A big band plays in the gazebo.
The design for this restaurant inside Tivoli was the idea of chemist Niels Bohr.
An artistic shot by Lia of some lanterns in a...uh...lantern aquarium, apparently.
More from Malmo, Sweden
This is probably what I looked like in college, studying Kinematics in the local pub over a pint of Guinness, except that's not what this is. This pub is in Sweden, the Guinness cost $8, I have less hair, and I'm not studying engineering, but looking at a map trying to figure out where the heck we are.
Other stuff with a story that doesn't have a picture:
- The Absolut Ice Bar and all the Swedish girls.
- Dinner at The Paul (super-nice restaurant inside Tivoli) with all the Gore folk.
- Losing my luggage because United sucks, and SAS rules!
- My relief upon getting out of the suburb of Vesterbro for the first time and realizing that not all Cope's are insane punk weirdos with pointy shoes.
- The visit to the M.C. Escher exhibit in the remote northern town of Holte, and our Hike from Hell.
- Mountain biking with Arne, my guide from Skovbrynet (not pronounced at all like it looks).
- Christiania: the socialist experiment that turned into a unattractive jobless punk hangout.
Friday, November 7, 2008
There were a lot of "Not MY President" bumper stickers floating around or other nonsense that seemed to say more about the crybabies who bought them than the person they were targeting. (Guess what buddy? He IS your president no matter how much you complain!)
Ace of Spades has a good roundup of some of the old stuff that some people still remember, and a link to a new site that has sickly sweet messages "From 52 to 48."
This time around, hopefully the "48" don't resort to the same jack-assery that we saw after the last presidential election. It feels good to take the high road, even though you remember a time when others in your position didn't.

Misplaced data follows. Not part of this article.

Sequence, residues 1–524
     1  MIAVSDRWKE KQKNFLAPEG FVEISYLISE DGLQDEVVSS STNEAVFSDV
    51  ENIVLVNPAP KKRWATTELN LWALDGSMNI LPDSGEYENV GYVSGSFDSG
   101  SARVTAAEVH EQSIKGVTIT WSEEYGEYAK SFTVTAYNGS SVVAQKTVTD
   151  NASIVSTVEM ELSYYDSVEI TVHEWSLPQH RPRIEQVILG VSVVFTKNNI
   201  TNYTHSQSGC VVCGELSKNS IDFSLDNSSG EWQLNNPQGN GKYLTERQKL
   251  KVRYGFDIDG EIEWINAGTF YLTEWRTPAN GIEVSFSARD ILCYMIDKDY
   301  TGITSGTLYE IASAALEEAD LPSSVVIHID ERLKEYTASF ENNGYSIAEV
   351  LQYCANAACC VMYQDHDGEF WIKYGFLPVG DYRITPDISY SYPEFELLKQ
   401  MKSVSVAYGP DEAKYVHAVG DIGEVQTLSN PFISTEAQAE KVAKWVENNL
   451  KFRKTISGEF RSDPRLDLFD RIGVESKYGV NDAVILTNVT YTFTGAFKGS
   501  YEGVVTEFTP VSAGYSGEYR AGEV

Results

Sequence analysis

Of course, "No Whining" doesn't mean avoiding criticism, mockery, well-structured complaining, and good old sarcasm every once in a while. Hilarity ensues when you follow your most base, animal instinct like Frank at IMAO: The New Direction. I gotta say, I'll never call myself a conservative, but that doesn't mean I don't like Awesomeness and Kick-Assery.
Thursday, November 6, 2008
Wednesday, November 5, 2008
Tuesday, November 4, 2008
I am a 54-year-old high school graduate. I didn’t go to college like you, I was too ready to go “conquer the world” when I finished high school. 25 years ago at age 29, I started my own water well drilling business at a time when the economy here in East Texas was in a tailspin from the crash of the early 80’s oil boom. I didn’t get any help from the government, nor did I look for any. I borrowed what I could from my sister, my uncle, and even the pawnshop and managed to scrape together a homemade drill rig and a few tools to do my first job. My businesses did not start not a result of privilege. It is the result of my personal drive, personal ambition, self-discipline, self reliance, and a determination to treat my customers fairly.
...You see, Mr. Obama, I’m the guy you intend to raise taxes on. I’m the guy who has spent 25 years toiling and sweating, fretting and fighting, stressing and risking, to build a business and get ahead. I’m the guy who has been on the very edge of bankruptcy more than a dozen times over the last 25 years, and all the while creating more and more jobs for East Texans who didn’t want to take a risk, and wouldn’t demand from themselves what I have demanded from myself. I’m the guy you characterize as “the Americans who can afford it the most” that you believe should be taxed more to provide income redistribution “to spread the wealth” to those who have never toiled, sweated, fretted, fought, stressed, or risked anything. You want to characterize me as someone who has enjoyed a life of privilege and who needs to pay a higher percentage of my income than those who have bought into your entitlement culture. I resent you, Mr. Obama, as I resent all who want to use class warfare as a tool to advance their political career. What’s worse, each year more Americans buy into your liberal entitlement culture, and turn to the government for their hope of a better life instead of themselves. Liberals are succeeding through more than 40 years of collaborative effort between the predominant liberal media, and liberal indoctrination programs in the public school systems across our land.
just a ordinary, extraordinary American, the way a lot of Americans used to be.
P.S. Yes, Mr. Obama, I am a real American… www.cmillerdrilling.com